Vitamin B12 deficiency results in the bone marrow producing abnormal blood cells that are larger than normal – megaloblastic cells – and do not work as efficiently as normal red cells. The resulting anaemia is called a macrocytic anaemia.


    A vitamin B12 blood test measures the total amount of vitamin B12 – active and inactive - in the serum (the liquid part of the blood). If a significant amount of vitamin B12 is inactive in the blood, this can cause a misleadingly normal result. So there is a weakness with the current blood test as it is not measuring the actual level of active B12 in the cells in the body. Second line tests, where use and availability are limited, include plasma methylmalomic acid and plasma homocysteine. Testing for intrinsic factor antibody can help to confirm the diagnosis.


    The level of folate is also usually checked at the same time for the possibility of co-existent folate deficiency anaemia.

    Dr Charles Shepherd
    Hon Medical Adviser, MEA
     
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  5. arewenearlythereyet

    arewenearlythereyet Biscuit Antagonist

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    It is also worth noting that the intrinsic factor test only has a 50% detection rate so the pernicious anaemia society puts more emphasis on symptoms along with serum results to make a diagnosis.

    Basically if you have lowish b12 and or folate and have neurological symptoms (cognition, tingling fingers and toes etc etc) then your GP should put you on injections straight away.

    More information can be found at the pernicious anemia society who campaign regularly to improve the education of GPs on this disease.
     
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  6. charles shepherd

    charles shepherd Senior Member

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    Yes, I have contact with the PA society and they provide very good information on all aspects of pernicious anaemia:

    https://pernicious-anaemia-society.org/diagnosis/

    PA is a serious medical condition and if there is any doubt about the diagnosis in primary care my view is that the patient should be referred for an urgent specialist assessment - because, as you say, proper treatment should be started early to help reduce the risk of serious neurological damage to the spinal cord

    CS
     
  7. Abha

    Abha Abha

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    Hi Dr Shepherd,

    Yes,I entirely agree with you re PA and B12 deficiency as I have such an illness plus CFS/ME(?)Unfortunately in my experience(well in my 70s now) in Northern Ireland/Britain too GPs/consultants ignore this fact.As recently as 2005/6 I went through the main clinic(Belfast) here where CFS/ME patients were sent and although my B12 reading was only 93 I wasn't investigated for PA then....and as far as I recall two sets of injections were recommended and that was it.

    I believe I have had B12 deficiency problems from childhood(probably worsened by gas given by dentist to extract teeth back then).Dr Broda Barnes did good work in that field and Sally Pacholok and her husband Dr Stuart wrote a very good book(for lay person) entitled "Could it be B12"(USA)Eventually around 2007/2008? with continuous brain/gut problems I got to see a gastroenterologist(?) and he finally diagnosed my B12 deficiency....Pernicious Anaemia and autoimmune gastritis.The PA should have been diagnosed years earlier as my mother had such problems(finally diagnosed by a student doctor friend(visiting her) when she was well into her 80s(bent over with osteoporosis too/back disk problems from her nursing days)..My grandmother was wheelchair bound(crippled from arthritis?(said to be?/She died youngish...maybe due to PA?)/but probably B12 problem.Seemingly this B12 deficiency problem travels down the mother's side of the family(can skip generations?)....and the men can have it but are not carriers.I took part in a study some years ago(UK) carried out by Dr Siddarth Banka and team....and I believe some of that information came from him.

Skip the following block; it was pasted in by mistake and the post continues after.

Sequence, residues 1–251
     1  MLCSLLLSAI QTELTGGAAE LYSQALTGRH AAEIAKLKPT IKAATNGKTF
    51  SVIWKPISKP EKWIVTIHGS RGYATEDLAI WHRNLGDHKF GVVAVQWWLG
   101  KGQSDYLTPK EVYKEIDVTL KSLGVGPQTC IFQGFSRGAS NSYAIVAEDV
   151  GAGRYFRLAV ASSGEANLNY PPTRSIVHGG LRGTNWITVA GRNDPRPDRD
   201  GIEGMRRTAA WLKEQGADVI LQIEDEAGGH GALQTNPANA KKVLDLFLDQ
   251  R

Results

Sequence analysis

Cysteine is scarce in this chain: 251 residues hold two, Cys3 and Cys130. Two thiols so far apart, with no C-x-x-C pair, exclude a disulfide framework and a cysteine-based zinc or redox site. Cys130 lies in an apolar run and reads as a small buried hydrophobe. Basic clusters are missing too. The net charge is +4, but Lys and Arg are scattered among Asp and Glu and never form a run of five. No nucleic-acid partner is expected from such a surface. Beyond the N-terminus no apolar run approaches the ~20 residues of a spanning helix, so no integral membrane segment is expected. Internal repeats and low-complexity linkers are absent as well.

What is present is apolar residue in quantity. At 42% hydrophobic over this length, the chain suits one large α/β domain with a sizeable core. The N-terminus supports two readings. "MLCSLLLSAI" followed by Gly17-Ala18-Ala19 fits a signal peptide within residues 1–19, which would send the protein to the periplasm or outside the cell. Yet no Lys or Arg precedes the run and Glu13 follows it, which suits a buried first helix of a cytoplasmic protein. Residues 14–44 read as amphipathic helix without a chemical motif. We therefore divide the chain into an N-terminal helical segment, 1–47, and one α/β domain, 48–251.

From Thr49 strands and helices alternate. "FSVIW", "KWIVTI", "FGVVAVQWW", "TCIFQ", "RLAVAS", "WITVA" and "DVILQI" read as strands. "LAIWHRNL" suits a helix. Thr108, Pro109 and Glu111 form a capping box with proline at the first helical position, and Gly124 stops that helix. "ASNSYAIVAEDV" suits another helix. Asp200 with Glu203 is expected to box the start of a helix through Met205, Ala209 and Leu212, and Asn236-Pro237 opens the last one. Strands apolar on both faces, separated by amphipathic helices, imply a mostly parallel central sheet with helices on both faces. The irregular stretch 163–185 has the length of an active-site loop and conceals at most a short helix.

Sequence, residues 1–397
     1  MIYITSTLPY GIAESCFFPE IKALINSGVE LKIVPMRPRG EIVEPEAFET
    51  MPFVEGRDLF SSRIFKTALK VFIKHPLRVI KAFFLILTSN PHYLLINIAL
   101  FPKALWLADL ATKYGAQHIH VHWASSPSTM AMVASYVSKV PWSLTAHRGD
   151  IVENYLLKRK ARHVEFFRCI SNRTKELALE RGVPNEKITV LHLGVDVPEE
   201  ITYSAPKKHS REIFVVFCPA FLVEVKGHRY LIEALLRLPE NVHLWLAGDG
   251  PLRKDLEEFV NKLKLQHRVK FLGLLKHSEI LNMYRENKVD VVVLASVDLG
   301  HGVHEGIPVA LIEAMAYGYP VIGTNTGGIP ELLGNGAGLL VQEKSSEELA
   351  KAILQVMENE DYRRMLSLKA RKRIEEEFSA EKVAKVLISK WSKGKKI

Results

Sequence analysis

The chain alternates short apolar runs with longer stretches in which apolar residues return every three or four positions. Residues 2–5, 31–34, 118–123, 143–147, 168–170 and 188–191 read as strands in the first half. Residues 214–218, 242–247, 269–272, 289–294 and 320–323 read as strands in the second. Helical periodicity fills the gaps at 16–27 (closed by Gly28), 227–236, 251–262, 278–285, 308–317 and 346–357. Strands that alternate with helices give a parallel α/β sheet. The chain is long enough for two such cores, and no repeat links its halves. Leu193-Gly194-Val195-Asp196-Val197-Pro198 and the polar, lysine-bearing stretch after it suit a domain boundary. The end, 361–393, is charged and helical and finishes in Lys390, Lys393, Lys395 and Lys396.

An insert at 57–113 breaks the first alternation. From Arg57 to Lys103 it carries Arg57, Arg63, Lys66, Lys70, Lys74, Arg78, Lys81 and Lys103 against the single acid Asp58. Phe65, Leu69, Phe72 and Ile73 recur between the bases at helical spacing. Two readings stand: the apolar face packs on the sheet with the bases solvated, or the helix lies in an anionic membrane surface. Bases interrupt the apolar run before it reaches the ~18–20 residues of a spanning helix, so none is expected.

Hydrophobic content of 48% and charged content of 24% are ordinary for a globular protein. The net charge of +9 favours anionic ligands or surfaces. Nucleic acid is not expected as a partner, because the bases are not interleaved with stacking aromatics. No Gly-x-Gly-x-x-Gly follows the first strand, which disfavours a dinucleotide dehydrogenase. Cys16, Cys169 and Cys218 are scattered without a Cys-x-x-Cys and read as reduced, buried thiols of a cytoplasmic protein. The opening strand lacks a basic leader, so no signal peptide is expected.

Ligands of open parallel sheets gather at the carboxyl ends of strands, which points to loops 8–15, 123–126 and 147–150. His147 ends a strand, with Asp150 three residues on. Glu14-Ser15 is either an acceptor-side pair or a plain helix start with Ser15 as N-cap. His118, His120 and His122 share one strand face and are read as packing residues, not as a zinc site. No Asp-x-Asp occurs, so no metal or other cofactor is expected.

B12 deficiency in ME/CFs is an interesting topic and Professor Carl Gerhard Gottfries/Sweden (now retired/in his 90s?)with whom's work I'm sure you are familiar(see youtube....5 very good videos)has excellent thoughts on that and talks about it in his videos(4th one in particular?)His own illness is very similar to mine(I had that Asian flu too in 1957/58?)....It was the worst flu I ever had and those viruses probably still luinger in my system.Professor Gottfries is now advising/working with OMI in California as far as I understand.

    My own illness has been further complicated by an organophosphate(malathion )contact(through my work abroad in my 20s/early 30s?)and by hypopituitarism(head injuries since 30s due to an unprovoked assault) but only diagnosed in 2014 after I had figured out what it probably was.i also had to find out about my own parathyroid disease and then get it too recognised by NHS.The NHS has its good points but sadly it has many failures too and those in charge need to learn from patients like myself.That is not being done in NI and although the Ombudsman advised me to go back through the system in 2013 no immunologist/other wants to see me!
     
  8. charles shepherd

    charles shepherd Senior Member

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    Are you any nearer to setting up a decent hospital based referral service for ME/CFS patients in NI?

    I haven't been over to NI for a bit and my understanding is that there still isn't a good NHS hospital based service with a physician in charge where GPs can refer patients for further help with either diagnosis or management of ME/CFS

    Anyway, that is what I currently say to people who contacting the MEA and are wanting a specialist referral in NI

    There is, of course, my colleague Dr William Weir, infectious diseases specialist, who makes occasional visits to Belast to see patients in a non NHS capacity

    CS
     
  9. Natalija

    Natalija

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    Wow wow wow! I was so thrilled and so surprised to wake up and find all this fabulous info!! I can't thank you all enough! I will look through it thoroughly and try to digest it all.

    I wanted to ask about my Figlu result and what it means... if it's and my folate levels are truly "normal" or not.
    It is creeping toward the right end of green, toward the yellow. 0.6 on a range of <1.5.